• Loch Ard Gorge is named after the ship Loch Ard, which came to grief here in 1878 near the spot now known as Mutton Bird Island. Only 2 of the 54 passengers survived the journey from England – Tom Pierce, a 15-year-old ship’s apprentice, and Eva Carmichael, a 17-year-old girl emigrating with her family from Ireland.
  • Loch Ard Gorge will almost certainly take more time to fully explore than the other areas of the National Park, walking trails are well marked and worth doing.
  • The Gorge itself is a fabulous spot to relax, it is possible to swim here, but can be dangerous and does not have lifeguards.
  • Visit: Razorback Rock viewing area, the graveyard, Muttonbird Island, Thunder Cave and walk down to the beach at the far end of the area.
Loch Ard Gorge Port Campbell National Park

Port Campbell:

A sweet little fishing village, Port Campbell has plenty of accommodation and cafes. The beach is the only safe one to swim on, remembering to stay between the flags and swim when it is patrolled. This is an ideal village to stay while exploring the area.

From the end of the beach, a walk goes up and along the clifftop. Only accessible when the tide is low.

The Arch:

Quite a small car park at this spot, well worth a walk down to see, though. Late afternoon sunshine often creates a beautiful glow on the rocks and the 12 Apostles can be seen way off in the distance on a clear day. Days of high seas create such a dramatic scene and it is easy to see how the rocks erode from the constant battering they receive.

The Arch, Port Campbell National Park

London Bridge:

Yep. London Bridge fell down. Decades ago, this area had no boardwalks or fences, visitors could park right by each viewpoint and enjoy nature at its finest. Times have changed of course and the huge numbers of visitors make it imperative to ensure safety and prevent as much foot traffic erosion as possible.

  • 1990 was the year London Bridge collapsed, leaving 2 people stranded on the newly formed island section. A few hours later they were rescued by helicopter.
  • London Bridge is the only other spot with a viewpoint where Little Penguins can be seen returning from sea. Whilst the returning Penguins numbers are small, the viewing area is a little lower and closer to the action.
London Bridge, Great Ocean Road, Australia Before-after photos

The Grotto:

A short walk of about 700 meters leads to the Grotto. An open cave formation that will often have beautiful reflections in the pool of water beyond it at low tide levels.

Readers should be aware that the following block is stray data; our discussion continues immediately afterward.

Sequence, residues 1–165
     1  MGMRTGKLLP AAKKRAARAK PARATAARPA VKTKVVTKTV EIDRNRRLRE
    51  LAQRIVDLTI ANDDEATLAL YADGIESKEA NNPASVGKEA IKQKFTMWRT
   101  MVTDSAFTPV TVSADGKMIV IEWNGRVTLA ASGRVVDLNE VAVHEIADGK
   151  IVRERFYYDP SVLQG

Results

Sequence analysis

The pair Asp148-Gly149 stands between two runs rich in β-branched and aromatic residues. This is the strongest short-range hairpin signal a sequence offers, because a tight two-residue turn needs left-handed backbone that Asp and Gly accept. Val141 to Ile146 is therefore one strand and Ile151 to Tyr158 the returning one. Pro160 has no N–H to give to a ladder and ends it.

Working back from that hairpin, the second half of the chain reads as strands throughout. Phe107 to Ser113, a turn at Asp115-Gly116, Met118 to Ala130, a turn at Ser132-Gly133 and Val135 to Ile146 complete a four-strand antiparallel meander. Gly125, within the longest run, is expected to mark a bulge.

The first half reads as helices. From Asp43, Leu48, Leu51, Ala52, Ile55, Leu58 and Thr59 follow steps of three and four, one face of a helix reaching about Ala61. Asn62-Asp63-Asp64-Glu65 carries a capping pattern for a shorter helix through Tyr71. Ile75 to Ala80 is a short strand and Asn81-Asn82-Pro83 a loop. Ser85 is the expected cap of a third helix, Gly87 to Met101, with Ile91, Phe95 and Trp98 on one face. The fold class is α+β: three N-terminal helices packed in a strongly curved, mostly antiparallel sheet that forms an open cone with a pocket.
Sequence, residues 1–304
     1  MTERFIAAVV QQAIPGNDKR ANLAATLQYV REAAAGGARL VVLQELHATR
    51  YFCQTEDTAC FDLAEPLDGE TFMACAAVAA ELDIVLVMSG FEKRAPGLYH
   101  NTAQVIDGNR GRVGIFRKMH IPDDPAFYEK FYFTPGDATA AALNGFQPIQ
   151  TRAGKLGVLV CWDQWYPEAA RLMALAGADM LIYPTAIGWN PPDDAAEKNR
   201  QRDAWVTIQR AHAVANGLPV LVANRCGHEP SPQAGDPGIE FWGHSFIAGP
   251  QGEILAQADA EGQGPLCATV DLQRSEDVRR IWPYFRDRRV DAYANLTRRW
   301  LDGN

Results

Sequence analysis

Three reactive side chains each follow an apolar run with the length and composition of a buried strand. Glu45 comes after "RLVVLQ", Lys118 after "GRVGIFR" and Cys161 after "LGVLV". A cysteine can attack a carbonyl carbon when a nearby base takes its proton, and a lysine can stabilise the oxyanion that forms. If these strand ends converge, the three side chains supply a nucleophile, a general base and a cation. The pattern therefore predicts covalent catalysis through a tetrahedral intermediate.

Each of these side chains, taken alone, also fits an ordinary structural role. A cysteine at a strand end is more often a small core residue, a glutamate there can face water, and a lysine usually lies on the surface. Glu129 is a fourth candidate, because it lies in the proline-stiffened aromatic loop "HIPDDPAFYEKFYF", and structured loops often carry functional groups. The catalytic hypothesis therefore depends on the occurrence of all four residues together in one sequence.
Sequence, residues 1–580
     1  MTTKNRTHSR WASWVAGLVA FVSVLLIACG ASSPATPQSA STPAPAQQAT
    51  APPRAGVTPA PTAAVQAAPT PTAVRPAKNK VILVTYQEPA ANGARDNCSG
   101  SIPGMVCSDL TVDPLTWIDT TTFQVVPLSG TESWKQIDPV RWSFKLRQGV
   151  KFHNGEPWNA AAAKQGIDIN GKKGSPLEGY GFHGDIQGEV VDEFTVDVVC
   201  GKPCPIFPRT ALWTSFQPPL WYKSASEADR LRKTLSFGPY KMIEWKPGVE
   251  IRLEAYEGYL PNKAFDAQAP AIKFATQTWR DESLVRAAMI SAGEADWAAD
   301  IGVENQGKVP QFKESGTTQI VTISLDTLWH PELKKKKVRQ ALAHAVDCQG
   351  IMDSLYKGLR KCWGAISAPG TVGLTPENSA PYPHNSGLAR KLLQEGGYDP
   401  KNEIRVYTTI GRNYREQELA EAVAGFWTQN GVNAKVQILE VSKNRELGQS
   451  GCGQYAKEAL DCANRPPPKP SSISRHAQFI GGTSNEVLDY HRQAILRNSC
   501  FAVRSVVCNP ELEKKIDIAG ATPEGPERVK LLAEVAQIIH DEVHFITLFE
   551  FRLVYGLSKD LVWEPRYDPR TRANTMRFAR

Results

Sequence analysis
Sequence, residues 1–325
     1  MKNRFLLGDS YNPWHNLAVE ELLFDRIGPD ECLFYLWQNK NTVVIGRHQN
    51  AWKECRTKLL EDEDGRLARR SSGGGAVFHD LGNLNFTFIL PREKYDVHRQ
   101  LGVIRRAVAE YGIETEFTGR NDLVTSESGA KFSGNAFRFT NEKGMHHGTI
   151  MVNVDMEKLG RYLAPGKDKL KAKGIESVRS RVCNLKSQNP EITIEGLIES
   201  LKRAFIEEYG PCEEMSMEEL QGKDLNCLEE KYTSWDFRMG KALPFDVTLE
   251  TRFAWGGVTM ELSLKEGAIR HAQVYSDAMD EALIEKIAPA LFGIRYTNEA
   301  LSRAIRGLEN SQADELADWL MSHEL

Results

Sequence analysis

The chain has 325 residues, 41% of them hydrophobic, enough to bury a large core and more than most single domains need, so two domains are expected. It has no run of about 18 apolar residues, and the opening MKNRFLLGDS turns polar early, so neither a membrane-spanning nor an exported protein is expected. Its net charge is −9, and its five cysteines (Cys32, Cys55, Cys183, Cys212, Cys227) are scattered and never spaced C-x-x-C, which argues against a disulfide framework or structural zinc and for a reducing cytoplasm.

Bay of Martyrs & Bay of Islands:

Both these areas deserve a visit, especially for people traveling on towards Warrnambool. The formations and cliffs are nowhere near as high as those of the 12 Apostles, but they do have a charm of their own and are a beautiful place to be at sunset.

Spend a few days:

A few days could easily be filled wandering the trails and exploring the beaches in the National Park. Port Campbell offers camping, youth hostel, B&B’s, holiday units and a motel.

Road trip itineraries, Great Ocean Road, Australia
Explore The Great Ocean Road | Road Trip Itineraries and Touring Guide
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6 thoughts on “12 Apostles, Port Campbell National Park”

  1. This is truly one of the most remarkable parts of Australia’s coast line, and a place I would always recommend international visitors see for themselves. We visited here in 2005 on our way across Australia from Perth to Melbourne. I will never forget Loch Ard Gorge and the Twelve Apostles. I think when we visited again in 2008, one of the rocks of the 12 apostles had fairly recently crumbled into the ocean. Great post, and I’ll be sharing this with my followers.

    Reply
    • Hi Ali, Your drive from Perth to Melbourne would have been epic! I have done it once, years ago, and would love to do the drive again soon, stopping longer in places and with time to linger.

      Reply
  2. Great guide, I remember our trip down the Great Ocean Road to see these sights a few years ago, I’d love to do it again as it was a pretty rushed trip and we didn’t have time to see everything. I’d love to go back to Melbourne too, I loved that city!

    Reply
  3. Some wonderful geography. I know about the 12 Apostles (and it looks like a beautiful spot) but had never heard of Gibsons Steps which also looks interesting. Always love the combination of ocean and cliffs.
    Frank (bbqboy)

    Reply
    • Gibsons Beach is my favourite of all. I used to take backpackers down there, before they had the steps concreted and they were still the original steps carved into the cliff face. Add it to your list Frank.

      Reply